implement. It is also only supported for apps sold over the Google Play store. You can find out
more about in-app billing here:

# Do not be afraid of Android's source code
Once you feel comfortable developing apps, you could also consider exploring bits and pieces
of the Android source code. There is a lot to learn from it. I learned a lot from the sources of the
Parcelable interface and Parcel class, for example. The code is usually well documented
(although a bit out-dated at times) which makes it generally easy to understand.

# Publishing and Advertising your app
This is [a great
g_to_publish_to/) here on Reddit explaining how to publish your app on the Play Store.

Regarding advertising, there are tons of books, blog posts, discussions and what not out there
trying to tell you what to do to advertise your app. Here is what I am doing.

I did announce my app last month before it was ready. I had one of those "coming soon"
templates with some screenshots of it. The goal was mainly to use this page to advertise the
app on web sites dedicated to announce the release of new apps. The places I tried include:

- [](
- [Launching next](
- [Pre-apps](

There many others you can consider but from my experience with these, I wouldn't bother.
There are too many apps being listed in those sites and competition for attention is fierce. So
far, I got more attention from my posts on Facebook to my friends. Friends can help you with
word-of-mouth and feedback from usage. My friends were great and I'm very thankful to them.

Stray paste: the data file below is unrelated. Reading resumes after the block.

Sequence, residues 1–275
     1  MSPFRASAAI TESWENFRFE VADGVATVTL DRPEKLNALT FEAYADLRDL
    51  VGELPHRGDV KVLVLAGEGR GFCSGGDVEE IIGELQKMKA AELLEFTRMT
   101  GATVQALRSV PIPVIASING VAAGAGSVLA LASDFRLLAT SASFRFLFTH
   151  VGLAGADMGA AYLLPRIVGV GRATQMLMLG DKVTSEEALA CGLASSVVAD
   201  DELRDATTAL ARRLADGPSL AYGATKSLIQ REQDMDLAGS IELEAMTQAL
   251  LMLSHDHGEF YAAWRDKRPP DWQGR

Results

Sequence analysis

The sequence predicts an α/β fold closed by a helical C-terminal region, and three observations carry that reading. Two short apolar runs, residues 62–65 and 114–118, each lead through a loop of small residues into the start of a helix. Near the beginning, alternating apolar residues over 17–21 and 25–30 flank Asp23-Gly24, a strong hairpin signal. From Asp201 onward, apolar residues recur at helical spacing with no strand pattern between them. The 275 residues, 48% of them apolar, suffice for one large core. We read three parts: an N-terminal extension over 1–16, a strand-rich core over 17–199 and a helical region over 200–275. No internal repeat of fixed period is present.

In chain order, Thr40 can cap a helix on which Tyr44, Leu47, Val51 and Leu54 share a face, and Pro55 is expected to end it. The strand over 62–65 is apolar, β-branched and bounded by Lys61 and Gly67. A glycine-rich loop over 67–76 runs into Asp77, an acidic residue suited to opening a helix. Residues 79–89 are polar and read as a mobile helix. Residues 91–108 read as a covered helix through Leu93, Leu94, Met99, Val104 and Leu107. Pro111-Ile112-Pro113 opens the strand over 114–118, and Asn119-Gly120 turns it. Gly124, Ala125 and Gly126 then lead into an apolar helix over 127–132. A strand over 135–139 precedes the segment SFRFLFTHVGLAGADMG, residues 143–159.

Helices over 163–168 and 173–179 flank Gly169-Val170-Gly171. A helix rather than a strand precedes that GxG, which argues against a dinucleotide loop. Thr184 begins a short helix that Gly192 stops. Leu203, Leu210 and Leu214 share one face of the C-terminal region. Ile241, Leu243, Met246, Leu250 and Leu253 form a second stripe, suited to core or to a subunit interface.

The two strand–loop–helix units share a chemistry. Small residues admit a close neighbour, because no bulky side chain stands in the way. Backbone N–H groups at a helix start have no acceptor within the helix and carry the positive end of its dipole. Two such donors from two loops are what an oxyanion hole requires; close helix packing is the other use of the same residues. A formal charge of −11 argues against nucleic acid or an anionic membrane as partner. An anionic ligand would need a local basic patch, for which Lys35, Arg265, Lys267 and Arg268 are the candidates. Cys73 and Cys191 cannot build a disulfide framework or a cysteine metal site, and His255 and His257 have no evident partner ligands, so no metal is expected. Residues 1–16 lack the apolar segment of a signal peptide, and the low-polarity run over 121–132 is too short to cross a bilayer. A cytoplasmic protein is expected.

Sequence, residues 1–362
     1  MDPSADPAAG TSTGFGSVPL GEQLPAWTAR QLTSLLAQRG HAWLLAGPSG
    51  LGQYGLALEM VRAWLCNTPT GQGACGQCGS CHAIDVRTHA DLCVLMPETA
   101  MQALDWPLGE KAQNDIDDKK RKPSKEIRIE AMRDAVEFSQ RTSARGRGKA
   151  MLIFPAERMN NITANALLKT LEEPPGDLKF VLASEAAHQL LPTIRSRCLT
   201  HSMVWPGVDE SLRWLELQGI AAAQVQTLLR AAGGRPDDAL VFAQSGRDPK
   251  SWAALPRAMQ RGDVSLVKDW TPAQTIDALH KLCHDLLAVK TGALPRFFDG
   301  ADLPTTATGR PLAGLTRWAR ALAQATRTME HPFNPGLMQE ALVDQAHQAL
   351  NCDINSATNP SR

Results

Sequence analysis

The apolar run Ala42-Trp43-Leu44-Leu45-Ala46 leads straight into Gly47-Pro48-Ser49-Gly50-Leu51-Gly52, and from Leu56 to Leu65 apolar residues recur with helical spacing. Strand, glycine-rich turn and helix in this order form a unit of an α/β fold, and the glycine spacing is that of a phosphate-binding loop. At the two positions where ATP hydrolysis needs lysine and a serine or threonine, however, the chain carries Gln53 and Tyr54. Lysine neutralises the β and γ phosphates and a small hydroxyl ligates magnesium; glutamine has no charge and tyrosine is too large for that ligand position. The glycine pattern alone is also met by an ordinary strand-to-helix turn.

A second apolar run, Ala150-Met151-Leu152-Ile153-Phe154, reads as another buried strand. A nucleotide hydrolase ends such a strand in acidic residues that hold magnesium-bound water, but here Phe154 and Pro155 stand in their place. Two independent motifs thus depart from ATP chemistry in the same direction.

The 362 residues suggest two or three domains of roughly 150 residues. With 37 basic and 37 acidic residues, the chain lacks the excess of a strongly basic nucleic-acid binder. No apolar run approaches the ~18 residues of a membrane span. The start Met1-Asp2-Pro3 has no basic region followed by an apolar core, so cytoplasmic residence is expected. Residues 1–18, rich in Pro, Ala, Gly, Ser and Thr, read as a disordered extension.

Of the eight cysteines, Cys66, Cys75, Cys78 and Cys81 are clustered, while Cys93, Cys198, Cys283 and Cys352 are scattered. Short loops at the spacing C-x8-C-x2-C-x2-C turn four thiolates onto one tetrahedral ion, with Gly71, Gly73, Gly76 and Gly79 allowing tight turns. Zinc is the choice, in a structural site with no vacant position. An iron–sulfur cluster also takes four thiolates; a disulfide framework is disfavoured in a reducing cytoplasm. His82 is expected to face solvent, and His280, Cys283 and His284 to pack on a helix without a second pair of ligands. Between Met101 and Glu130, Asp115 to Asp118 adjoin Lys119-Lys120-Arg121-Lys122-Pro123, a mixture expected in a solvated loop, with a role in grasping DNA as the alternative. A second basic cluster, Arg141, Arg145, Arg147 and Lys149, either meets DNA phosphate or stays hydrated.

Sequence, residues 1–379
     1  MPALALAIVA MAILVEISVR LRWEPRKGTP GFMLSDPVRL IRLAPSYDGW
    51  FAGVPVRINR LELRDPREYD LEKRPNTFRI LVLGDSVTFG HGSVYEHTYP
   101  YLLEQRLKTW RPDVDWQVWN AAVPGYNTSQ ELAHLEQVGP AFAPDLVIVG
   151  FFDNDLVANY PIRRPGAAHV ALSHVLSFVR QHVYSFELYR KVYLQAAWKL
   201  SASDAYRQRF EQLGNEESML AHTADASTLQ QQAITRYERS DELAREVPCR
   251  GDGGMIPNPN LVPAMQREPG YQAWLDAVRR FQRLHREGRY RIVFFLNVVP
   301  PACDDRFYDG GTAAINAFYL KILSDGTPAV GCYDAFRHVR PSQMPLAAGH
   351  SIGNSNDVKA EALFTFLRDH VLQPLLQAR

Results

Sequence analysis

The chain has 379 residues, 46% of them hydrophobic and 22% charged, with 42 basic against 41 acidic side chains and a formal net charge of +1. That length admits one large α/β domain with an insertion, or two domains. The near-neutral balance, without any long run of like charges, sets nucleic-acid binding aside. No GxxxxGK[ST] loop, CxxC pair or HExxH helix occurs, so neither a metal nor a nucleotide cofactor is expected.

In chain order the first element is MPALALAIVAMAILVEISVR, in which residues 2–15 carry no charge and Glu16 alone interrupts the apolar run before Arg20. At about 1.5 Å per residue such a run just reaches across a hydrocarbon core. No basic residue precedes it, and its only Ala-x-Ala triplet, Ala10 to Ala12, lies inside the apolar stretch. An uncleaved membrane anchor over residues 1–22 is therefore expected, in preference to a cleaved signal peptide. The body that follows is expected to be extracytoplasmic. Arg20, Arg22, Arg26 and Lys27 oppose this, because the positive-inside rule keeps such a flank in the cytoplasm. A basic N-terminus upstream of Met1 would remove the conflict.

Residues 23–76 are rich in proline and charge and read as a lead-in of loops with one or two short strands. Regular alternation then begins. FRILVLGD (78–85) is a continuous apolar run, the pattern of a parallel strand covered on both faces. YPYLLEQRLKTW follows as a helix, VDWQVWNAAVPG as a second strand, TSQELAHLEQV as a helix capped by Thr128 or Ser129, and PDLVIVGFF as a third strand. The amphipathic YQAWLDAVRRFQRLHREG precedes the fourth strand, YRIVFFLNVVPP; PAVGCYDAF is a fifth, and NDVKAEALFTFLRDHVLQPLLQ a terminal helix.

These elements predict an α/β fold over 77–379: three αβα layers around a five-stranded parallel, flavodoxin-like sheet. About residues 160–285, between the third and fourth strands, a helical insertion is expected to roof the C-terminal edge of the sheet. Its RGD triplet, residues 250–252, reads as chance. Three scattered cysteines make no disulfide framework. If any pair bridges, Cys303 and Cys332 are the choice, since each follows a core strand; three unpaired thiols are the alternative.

My approach was to ask them kindly but without insisting. I didn't want to bother them so I
focused my effort on the feedback of those who could help.

I am now paying for small ads on Facebook but that doesn't seem to be working very well.
When you start setting up an ad for your page, Facebook gives you an estimate of how many
"likes" you will get per day. In may case that estimate was between 5 and 19 likes. I am running
the ad for the third day now and so far I got 6 likes that came from the ad. Not exactly a reliable

In the coming days I will try also Google Ad Words and ads here on Reddit. I will be glad to
share the numbers with you once I get the results if you are interested. I don't know yet what to
do once I get this information. I guess it will depend on how much feedback I get from the app's
current release. Your suggestions are more than welcome if you have any.

# Wrapping up

If you read until this far, thank you very much again. I hope I gave you some new and
interesting information to work with. At the same time, I'm sure I'm missing tons of other stuff. If
there is something you feel like I should include in this guide, please let me know in the
comments. I will be glad to improve it.

In case you are wondering, the app I developed is called [The Talker
App]( I will be very happy
if you could check it out and give me some feedback to improve it.